Instead, you need to make some minimum expectations (just so that you can tell which of your employees are just not cut out for this line of work) and then keep everyone’s personal track record. This way, you can see if someone is consistent, what their personal best is, and in which fields they need improvement.

This type of employee-specific approach will deliver the best results.

4. Understand what happens next

Understanding the performance of your employees is just the first step in this process. These are the resources you need in order to understand what comes next. What do we mean by that? Well, what happens when they improve their performance? What happens if they don’t? What happens if you do determine that their performance is lower than it should be?

Do you fire them, penalize them, invest more in their training, and move them laterally? This is something you need to have figured out in advance. How bad do they have to be for you to take action and move them to a different spot or let them go? How much under the line should they be for you to understand that they’re still salvageable and that you need to do something to make it better?

However, what happens if they’re so clearly overperforming? First of all, an over-performing employee is a rare gem, and they need to be treated accordingly. If their work goes unnoticed, they may feel undervalued and leave. So, you need a plan. 

Some effective ideas are:

  • Move them to a better position
  • Increase their rate
  • Provide them with more training

At the very least, you should sit down with them and talk about their future. Let them know that you want to keep them and ask them where they want to be in the future. Sometimes, setting them on this career course will require additional education and a lateral move.

Just remember that the most ambitious/productive employees also have to be challenged. If they find their work too easy, they might get bored even if you provide them with all the other incentives. In this scenario, more tasks would solve the problem.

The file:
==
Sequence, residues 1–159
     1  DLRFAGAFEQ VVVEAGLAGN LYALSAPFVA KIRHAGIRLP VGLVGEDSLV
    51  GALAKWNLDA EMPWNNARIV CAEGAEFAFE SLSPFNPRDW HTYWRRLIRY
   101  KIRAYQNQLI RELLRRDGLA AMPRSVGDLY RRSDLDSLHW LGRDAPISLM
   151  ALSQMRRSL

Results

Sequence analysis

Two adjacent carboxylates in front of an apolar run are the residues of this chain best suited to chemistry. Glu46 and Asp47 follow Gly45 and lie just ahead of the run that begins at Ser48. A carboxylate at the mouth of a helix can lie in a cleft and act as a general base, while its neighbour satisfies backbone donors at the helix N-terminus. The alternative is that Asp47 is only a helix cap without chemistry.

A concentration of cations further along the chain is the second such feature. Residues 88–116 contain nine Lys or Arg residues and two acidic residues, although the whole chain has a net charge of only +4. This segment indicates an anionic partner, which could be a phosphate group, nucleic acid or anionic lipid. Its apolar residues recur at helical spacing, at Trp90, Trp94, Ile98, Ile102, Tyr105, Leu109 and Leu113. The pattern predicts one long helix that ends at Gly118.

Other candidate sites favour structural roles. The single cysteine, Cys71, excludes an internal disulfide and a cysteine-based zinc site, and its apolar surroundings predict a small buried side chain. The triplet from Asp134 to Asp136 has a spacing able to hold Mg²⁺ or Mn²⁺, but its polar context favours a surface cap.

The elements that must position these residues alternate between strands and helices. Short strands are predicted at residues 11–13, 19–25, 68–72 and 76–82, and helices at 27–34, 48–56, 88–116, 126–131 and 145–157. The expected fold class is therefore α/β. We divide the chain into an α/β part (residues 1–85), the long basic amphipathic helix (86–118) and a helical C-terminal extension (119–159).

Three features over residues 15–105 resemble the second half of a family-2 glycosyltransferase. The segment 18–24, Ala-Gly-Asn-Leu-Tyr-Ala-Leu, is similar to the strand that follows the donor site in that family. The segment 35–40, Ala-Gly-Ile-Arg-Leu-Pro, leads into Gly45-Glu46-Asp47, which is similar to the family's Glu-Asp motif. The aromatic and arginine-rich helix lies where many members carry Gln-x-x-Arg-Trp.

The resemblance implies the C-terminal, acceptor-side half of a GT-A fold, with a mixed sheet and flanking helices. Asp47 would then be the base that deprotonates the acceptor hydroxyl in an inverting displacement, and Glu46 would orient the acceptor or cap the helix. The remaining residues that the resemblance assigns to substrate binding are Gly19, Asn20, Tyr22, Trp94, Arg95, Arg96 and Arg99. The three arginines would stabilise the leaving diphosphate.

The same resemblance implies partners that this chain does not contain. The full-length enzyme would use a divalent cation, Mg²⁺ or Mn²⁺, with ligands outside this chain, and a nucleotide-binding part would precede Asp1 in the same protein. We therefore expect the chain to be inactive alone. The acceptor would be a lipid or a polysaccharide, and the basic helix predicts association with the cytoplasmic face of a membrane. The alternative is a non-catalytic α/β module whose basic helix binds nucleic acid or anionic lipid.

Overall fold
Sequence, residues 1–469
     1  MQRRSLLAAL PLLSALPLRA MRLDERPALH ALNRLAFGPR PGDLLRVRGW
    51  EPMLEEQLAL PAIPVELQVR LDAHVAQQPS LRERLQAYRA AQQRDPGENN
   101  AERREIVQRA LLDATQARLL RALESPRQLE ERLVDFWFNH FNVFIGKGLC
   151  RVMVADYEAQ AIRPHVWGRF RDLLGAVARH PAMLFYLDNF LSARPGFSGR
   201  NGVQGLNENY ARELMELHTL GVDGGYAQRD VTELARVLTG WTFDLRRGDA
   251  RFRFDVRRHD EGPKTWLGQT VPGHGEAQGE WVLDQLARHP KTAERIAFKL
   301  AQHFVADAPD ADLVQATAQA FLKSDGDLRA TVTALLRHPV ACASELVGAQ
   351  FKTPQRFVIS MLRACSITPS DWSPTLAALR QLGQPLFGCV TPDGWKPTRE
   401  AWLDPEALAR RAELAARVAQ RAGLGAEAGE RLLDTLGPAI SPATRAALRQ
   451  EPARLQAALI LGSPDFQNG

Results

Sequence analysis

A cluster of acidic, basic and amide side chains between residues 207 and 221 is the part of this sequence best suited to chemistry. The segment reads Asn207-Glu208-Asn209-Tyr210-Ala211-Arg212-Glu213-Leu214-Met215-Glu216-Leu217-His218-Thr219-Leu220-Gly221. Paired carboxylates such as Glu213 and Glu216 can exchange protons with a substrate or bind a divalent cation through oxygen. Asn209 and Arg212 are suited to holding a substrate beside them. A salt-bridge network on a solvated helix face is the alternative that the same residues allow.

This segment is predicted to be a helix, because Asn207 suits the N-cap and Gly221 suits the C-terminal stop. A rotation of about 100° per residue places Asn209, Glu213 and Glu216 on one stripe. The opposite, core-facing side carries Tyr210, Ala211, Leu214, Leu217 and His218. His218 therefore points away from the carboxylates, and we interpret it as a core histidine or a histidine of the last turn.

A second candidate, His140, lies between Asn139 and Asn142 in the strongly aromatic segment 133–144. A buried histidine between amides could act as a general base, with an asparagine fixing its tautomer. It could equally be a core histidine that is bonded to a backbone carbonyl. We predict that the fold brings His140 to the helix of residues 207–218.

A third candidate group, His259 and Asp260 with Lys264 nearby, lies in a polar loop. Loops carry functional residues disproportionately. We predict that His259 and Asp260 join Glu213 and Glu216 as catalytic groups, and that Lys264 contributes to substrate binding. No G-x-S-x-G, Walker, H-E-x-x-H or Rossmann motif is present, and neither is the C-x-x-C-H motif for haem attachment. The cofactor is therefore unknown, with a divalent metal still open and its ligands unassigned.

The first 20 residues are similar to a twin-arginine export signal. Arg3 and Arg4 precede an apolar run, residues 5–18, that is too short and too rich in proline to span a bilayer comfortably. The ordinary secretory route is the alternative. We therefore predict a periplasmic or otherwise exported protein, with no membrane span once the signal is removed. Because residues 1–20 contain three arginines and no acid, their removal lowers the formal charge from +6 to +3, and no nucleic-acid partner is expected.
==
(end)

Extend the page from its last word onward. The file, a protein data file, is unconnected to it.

5. Foster a positive work environment

The simplest way to handle this entire issue is to foster a positive work environment. While this may be a bit too simplistic a way to look at things, the truth is that this is a solution to all your problems.

First of all, people who work in a positive environment rarely want to leave. This means that you get a higher retention rate by default. The longer they stay in your employ, the more experience they acquire, and you’re the one who gets to benefit from all this experience.

A positive work environment is also amazing for enabling a higher flow of information. Think about it: if people are not afraid to speak their minds, they’re more likely to give you feedback, even on minor things. In a really positive environment, they won’t feel offended even when their feedback is dismissed (if this is done the right way).

A positive atmosphere can make people more competitive, as well. You see, if your coworkers see everyone else trying and they’ve already developed loyalty to their team leaders and strong affection for their team, they won’t want to let anyone down. This is a far better, more natural, and more sustainable way to boost performance and productivity.  

A positive work environment also feels more supportive (and is more supportive in practice). This empowers employees to show more autonomy in experimentation and decision-making. They’re also more likely to ask directly for help, guidance, or assistance. This way, the support system, the feedback loop, and even the chain of accountability work intertwined. The best of it is that they’re developed organically and don’t have to be enforced top-down. 

Good or bad, you need to understand the performance of your team

You can’t handle evaluation subjectively. Sometimes, you’ll feel that you’re not doing as good when your team is actually overperforming. At other times, you won’t understand how badly your team is actually underperforming. The bottom line is that you need to see the numbers and a way to interpret reports. This way, you’ll see the true situation and won’t be misled by your subjective prejudices. 

Srdjan Gombar
Srdjan Gombar is a veteran content writer, published author, and amateur boxer. Srdjan is a Bachelor of Arts in English Language & Literature and is passionate about technology, pop culture, and self-improvement. His free time he spends reading, watching movies, and playing Super Mario Bros. with his son.